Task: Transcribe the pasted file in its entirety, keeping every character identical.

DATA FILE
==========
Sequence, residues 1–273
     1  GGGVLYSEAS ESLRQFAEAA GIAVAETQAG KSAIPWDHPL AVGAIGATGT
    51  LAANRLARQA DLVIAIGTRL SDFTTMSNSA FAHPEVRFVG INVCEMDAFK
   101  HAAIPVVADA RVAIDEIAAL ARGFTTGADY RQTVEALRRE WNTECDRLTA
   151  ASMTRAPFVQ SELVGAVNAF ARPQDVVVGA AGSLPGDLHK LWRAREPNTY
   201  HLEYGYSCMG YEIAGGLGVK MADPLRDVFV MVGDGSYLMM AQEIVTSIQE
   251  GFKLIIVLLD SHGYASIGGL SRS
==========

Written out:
Sequence, residues 1–273
     1  GGGVLYSEAS ESLRQFAEAA GIAVAETQAG KSAIPWDHPL AVGAIGATGT
    51  LAANRLARQA DLVIAIGTRL SDFTTMSNSA FAHPEVRFVG INVCEMDAFK
   101  HAAIPVVADA RVAIDEIAAL ARGFTTGADY RQTVEALRRE WNTECDRLTA
   151  ASMTRAPFVQ SELVGAVNAF ARPQDVVVGA AGSLPGDLHK LWRAREPNTY
   201  HLEYGYSCMG YEIAGGLGVK MADPLRDVFV MVGDGSYLMM AQEIVTSIQE
   251  GFKLIIVLLD SHGYASIGGL SRS